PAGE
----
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Preached at THE CHAPEL IN WEST-STREET, SEVEN DIALS, on Sunday, Nov. 24, 1765
1. How dreadful and how innumerable are the contests which have arisen about religion! And not only among the children of this world, among those who knew not what true religion was, but even among the children of God; those who had experienced "the kingdom of God within them;" who had tasted of "righteousness, and peace, and joy in the Holy Ghost." How many of these, in all ages, instead of joining together against the common enemy, have turned their weapons against each other, and so not only wasted their precious time, but hurt one another's spirits, weakened each other's hands, and so hindered the great work of their common Master! How many of the weak have hereby been offended! -- How many of the lame turned out of the way! How many sinners confirmed in their disregard of all religion, and their contempt of those that profess it! And how many of "the excellent ones upon earth" have been constrained to "weep in secret places!"
2. What would not every lover of God and his neighbor do, what would he not suffer, to remedy this sore evil; to remove contention from the children of God; to restore or preserve peace among them? What but a good conscience would he think too dear to part with, in order to promote this valuable end? And suppose we cannot "make" these "wars to cease in all the world," suppose we cannot reconcile all the children of God to each other, however, let each do what he can, let him contribute, if it be but two mites, toward it. Happy are they who are able, in any degree, to promote "peace and good-will among men" especially among good men; among those that are all listed under the banner of "the Prince of Peace;" and are, therefore, peculiarly engaged, "as much as lies in them," to "live peaceably with all men."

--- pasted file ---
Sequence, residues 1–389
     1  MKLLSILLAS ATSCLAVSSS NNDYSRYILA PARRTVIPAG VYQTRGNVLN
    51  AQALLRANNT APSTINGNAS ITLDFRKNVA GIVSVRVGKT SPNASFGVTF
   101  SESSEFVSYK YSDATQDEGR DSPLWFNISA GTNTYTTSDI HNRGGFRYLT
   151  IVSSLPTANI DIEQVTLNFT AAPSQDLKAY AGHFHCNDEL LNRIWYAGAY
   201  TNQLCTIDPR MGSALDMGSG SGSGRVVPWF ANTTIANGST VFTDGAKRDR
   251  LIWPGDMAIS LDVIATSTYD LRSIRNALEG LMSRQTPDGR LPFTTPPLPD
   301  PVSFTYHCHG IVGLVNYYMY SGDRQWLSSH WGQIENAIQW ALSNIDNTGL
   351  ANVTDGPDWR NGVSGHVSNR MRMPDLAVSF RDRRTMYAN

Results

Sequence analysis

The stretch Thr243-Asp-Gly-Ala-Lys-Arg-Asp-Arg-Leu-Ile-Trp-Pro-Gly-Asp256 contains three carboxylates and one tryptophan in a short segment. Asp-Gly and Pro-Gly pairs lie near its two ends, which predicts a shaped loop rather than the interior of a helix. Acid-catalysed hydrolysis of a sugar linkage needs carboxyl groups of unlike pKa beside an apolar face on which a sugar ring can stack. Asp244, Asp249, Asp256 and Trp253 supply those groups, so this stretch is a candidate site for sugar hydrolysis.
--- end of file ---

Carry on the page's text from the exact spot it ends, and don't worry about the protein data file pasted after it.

3. It would be a considerable step toward this glorious end, if we could bring good men to understand one another. Abundance of disputes arise purely from the want of this; from mere misapprehension. Frequently neither of the contending parties understands what his opponent means; whence it follows, that each violently attacks the other, while there is no real difference between them. And yet it is not always an easy matter to convince them of this; particularly when their passions are moved: It is then attended with the utmost difficulty. However, it is not impossible; especially when we attempt it, not trusting in ourselves, but having all our dependence upon Him with whom all things are possible. How soon is he able to disperse the cloud, to shine upon their hearts, and to enable them both to understand each other, and "the truth as it is in Jesus!"
4. One very considerable article of this truth is contained in the words above recited, "This is his name whereby he shall be called, the LORD OUR RIGHTEOUSNESS;" a truth this, which enters deep into the nature of Christianity, and, in a manner, supports the whole frame of it. Of this, undoubtedly, may be affirmed, what Luther affirms of a truth closely connected with it: it is _articulus stantis vel cadentis ecclesiae_: The Christian church stands or falls with it. It is certainly the pillar and ground of that faith, of which alone cometh salvation; of that Catholic or universal faith which is found in all the children of God, and which "unless a man keep whole and undefiled, without doubt he shall perish everlastingly."
5. Might not one, therefore, reasonably expect, that, however they differed in others, all those who name the name of Christ should agree in this point? But how far is this from being the case! There is scarce any wherein they are so little agreed; wherein those who all profess to follow Christ, seem so widely and irreconcilably to differ. I say seem; because I am throughly convinced, that many of them only seem to differ. The disagreement is more in words than in sentiments: They are much nearer in judgment than in language. And a wide difference in language there certainly is, not only between Protestants and Papists, but between Protestant and Protestant; yea, even between those who all believe justification by faith; who agree, as well in this, as every other fundamental doctrine of the gospel